The Republican National Committee, the National Republican Congressional Committee, and the Republican Party of Florida secured a victory for election integrity by reaching a settlement in Nielsen v. DeSantis on Sunday. Earlier this year, plaintiffs sued Florida Governor Ron DeSantis to radically alter Florida's absentee ballot laws to allow ballot harvesting and require absentee ballots that arrive after Election Day to be counted. As part of the settlement agreement, plaintiffs dropped all substantive claims in the suit.Read more
On Monday morning, former National Security Adviser Michael Flynn’s legal team led by Sidney Powell filed a scathing brief in opposition to U.S. District Court Judge Emmet G. Sullivan’s Petition for Rehearing En Banc filed in response to the D.C. Circuit’s decision in June ordering Judge Sullivan to dismiss the charges against Flynn. The brief illustrates Judge Sullivan’s mishandling of Flynn’s case following the Department of Justice’s decision to no longer pursue charges after discovery of new evidence.Read more
The DC Board of Elections held a special meeting today to allow for public comment regarding its plan to mail ballots to every voter and to have only 40 polling locations open throughout DC for the November election – over 100 fewer polling locations than it usually has during an election. The RNLA submitted a comment in opposition to the Board's plan due to its potential to disenfranchise voters.Read more
One of the hallmarks of the Trump Administration has been placing judges on the federal bench. As of June, President Trump had his 200th federal judicial nominee confirmed by the Senate. Notably President Trump has appointed two justices to the U.S. Supreme Court, Neil Gorsuch and Brett Kavanaugh. One of the most lasting effects of these appointments has been the strengthening of religious liberty which has been under attack over the past several decades. In this past year’s term alone, the Court handed down 3 major victories for religious liberty in Espinoza v. Montana Dept. of Revenue, Our Lady of Guadalupe School v. Morrissey-Berru, and Little Sisters of the Poor Saints Peter and Paul Home v. Pennsylvania.Read more
While only Colorado, Hawaii, Oregon, Washington, and Utah currently conduct all of their elections by mail, Democrats have ramped up their efforts recently to push for universal vote-by-mail for November’s Presidential Election. However, a nationwide universal vote-by-mail system would be extremely detrimental to the integrity of our elections. The presence of “out-of-date voter rolls, undue influence over voters, foreign interference through counterfeit ballots, [and] ballot harvesting through unscrupulous parties” would weaken an already susceptible form of voting.Read more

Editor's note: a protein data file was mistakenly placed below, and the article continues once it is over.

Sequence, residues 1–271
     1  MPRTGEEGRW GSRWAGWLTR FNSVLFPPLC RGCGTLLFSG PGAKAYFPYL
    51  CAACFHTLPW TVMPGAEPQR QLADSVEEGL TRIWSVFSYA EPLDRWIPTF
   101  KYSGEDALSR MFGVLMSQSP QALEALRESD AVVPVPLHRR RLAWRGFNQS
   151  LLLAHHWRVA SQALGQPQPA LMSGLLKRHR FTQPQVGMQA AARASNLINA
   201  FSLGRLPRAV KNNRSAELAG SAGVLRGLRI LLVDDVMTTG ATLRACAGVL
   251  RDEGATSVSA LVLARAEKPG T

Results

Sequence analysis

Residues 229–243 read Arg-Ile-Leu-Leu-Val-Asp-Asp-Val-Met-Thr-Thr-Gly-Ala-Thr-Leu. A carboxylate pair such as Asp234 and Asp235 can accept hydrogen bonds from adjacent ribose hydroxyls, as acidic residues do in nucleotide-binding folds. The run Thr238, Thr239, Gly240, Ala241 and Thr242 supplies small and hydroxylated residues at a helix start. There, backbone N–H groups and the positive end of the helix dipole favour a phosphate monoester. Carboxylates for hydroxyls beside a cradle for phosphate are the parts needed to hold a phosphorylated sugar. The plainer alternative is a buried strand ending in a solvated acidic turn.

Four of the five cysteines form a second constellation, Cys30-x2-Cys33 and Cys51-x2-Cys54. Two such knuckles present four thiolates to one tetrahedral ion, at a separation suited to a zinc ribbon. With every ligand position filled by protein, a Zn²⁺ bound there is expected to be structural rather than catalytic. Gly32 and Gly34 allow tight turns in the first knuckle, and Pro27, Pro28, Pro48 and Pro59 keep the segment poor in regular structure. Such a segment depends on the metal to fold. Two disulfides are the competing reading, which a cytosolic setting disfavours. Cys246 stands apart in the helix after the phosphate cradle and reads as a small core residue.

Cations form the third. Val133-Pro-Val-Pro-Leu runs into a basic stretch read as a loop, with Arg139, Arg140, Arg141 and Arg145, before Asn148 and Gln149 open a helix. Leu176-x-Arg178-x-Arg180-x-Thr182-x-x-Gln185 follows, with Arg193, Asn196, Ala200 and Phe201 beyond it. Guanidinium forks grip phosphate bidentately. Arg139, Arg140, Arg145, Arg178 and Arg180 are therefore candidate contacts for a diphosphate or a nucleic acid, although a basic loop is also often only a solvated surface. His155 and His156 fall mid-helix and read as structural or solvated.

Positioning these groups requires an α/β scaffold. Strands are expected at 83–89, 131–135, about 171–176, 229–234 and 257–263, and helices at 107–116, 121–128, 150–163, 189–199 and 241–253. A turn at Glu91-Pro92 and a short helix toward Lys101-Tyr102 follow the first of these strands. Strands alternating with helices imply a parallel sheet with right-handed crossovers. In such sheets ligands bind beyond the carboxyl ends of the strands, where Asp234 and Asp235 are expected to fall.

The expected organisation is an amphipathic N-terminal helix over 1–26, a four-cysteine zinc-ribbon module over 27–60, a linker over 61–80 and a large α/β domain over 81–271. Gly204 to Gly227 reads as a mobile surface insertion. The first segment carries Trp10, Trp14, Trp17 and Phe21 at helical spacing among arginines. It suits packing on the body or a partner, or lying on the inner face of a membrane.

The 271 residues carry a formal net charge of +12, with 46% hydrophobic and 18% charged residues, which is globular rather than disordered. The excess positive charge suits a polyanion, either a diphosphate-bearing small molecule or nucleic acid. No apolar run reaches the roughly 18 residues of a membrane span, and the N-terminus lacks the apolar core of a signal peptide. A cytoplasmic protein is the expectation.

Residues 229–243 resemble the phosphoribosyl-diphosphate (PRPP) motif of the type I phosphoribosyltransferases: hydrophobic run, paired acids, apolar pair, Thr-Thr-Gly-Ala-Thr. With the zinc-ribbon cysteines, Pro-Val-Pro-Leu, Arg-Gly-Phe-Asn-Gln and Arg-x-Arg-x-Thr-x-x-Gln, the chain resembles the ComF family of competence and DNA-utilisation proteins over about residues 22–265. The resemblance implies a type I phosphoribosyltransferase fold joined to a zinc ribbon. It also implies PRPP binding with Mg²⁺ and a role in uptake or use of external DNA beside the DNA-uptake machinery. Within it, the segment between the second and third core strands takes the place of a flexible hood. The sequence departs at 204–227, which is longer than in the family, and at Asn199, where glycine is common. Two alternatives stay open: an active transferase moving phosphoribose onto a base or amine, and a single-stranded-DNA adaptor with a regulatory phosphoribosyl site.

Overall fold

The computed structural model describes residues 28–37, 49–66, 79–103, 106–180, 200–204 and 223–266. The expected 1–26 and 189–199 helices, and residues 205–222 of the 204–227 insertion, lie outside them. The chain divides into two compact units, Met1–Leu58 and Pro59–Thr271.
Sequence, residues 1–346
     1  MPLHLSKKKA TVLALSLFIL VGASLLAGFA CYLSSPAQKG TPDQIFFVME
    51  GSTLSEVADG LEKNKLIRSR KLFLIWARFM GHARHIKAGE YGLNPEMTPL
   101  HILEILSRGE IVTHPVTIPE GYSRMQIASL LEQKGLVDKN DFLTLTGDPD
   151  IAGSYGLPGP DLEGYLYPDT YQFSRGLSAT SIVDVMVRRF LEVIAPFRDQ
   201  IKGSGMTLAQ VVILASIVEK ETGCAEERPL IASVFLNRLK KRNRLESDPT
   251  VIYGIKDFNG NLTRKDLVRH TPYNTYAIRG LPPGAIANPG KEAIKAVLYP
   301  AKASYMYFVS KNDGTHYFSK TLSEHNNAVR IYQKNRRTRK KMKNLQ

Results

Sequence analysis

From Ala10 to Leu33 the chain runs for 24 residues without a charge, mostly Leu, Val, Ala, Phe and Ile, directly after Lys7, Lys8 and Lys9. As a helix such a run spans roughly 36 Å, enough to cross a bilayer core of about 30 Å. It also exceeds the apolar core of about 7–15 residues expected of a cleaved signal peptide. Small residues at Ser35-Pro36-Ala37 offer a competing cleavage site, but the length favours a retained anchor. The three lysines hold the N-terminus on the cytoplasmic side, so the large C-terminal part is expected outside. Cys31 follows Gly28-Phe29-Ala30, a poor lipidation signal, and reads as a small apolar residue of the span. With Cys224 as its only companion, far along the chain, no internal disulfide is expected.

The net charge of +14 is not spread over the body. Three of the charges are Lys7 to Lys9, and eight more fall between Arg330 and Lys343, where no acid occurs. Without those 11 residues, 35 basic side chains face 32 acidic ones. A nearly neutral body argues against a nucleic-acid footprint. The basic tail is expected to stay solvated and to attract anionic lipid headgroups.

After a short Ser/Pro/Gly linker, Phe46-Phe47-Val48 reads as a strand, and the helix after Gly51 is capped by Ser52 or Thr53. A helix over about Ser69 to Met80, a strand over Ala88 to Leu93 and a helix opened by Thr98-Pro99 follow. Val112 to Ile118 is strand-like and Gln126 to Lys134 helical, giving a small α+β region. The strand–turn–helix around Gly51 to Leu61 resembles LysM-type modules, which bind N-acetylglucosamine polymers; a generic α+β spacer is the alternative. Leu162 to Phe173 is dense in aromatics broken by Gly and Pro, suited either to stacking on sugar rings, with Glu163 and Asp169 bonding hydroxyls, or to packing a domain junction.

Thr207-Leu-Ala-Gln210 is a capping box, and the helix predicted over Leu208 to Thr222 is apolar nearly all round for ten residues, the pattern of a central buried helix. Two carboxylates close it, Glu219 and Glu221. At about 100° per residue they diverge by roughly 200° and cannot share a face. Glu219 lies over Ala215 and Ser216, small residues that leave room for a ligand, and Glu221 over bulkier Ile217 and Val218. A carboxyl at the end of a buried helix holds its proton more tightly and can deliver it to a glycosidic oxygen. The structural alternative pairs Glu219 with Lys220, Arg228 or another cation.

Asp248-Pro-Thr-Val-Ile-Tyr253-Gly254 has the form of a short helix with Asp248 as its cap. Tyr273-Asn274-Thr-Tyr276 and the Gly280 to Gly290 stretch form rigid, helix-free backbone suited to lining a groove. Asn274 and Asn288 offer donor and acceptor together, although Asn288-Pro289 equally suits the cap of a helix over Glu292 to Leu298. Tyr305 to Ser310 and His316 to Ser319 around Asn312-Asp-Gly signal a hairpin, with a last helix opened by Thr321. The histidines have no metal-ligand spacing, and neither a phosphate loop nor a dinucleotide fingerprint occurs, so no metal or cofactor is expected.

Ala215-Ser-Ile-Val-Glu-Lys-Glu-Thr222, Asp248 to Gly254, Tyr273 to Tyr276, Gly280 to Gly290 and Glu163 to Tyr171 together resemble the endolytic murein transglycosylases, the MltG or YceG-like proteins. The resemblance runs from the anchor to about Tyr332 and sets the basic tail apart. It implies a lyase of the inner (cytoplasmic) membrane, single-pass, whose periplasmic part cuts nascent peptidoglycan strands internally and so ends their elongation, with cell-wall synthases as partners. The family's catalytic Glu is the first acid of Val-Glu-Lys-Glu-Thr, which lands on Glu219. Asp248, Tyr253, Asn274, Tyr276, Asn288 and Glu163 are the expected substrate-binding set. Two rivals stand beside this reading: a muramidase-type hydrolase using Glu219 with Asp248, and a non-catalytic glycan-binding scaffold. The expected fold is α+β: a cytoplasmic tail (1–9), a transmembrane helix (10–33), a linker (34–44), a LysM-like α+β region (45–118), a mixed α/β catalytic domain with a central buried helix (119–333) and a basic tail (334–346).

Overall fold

The COVID-19 pandemic has led to a dramatic increase in the number of Americans who choose to vote by mail. For instance, North Carolina election officials expect 10 times the usual number of voters to cast their ballots by mail.
Absentee voting is an important option to protect the right to vote for those who are sick or afraid to vote in person due to COVID-19. However, voting by mail is not only more susceptible to fraud but threatens to disenfranchise voters who never receive their ballots or inadvertently complete their ballot incorrectly.Read more
RNLA Honors Brenda M. Hankins with the
Betty Murphy Award
The Republican National Lawyers Association (RNLA) is pleased to announce Brenda M. Hankins as the recipient of the 2020 Betty Murphy Award, which was presented at the National Election Law Seminar on July 11 in White Sulphur Springs, West Virginia. Hankins was selected for the Betty Murphy Award as she is an unsung hero, trailblazer, community service leader, and an organization builder who inspires others’ spirits.Read more
This morning, the Supreme Court dropped its much-anticipated opinion on faithless electors in Chiafalo v. Washington, which was consolidated with Colorado Department of State v. Baca. Ruling unanimously, the Court held that a state may enforce an elector’s pledge to support their party’s nominee – and the state voters’ choice – for president in the Electoral College.
For many, the Court’s opinion puts to rest the argument that electors have the freedom to depart from the will of the voters to instead cast their vote as they please; however, the Court’s decision leaves open two methods by which electors can remain faithless – (1) when the state has no law in place to compel faithfulness, and (2) when the penalty is a monetary fine that the elector can pay in exchange for his unfaithfulness.Read more
Today, the Supreme Court held in Espinoza v. Montana Department of Revenue that, under the Free Exercise Clause, if a state has a program giving public dollars to citizens to use at private schools, it cannot tell those citizens that the money can only be used at non-religious private schools. Montana had decided that its scholarship program funds could not be used at religious schools under the state's Blaine Amendment, a legacy of a failed anti-Catholic amendment to the U.S. Constitution. Many First Amendment advocates hope this opinion proves to be a fatal blow to the discriminatory anti-religious Blaine Amendments still found in many state constitutions.Read more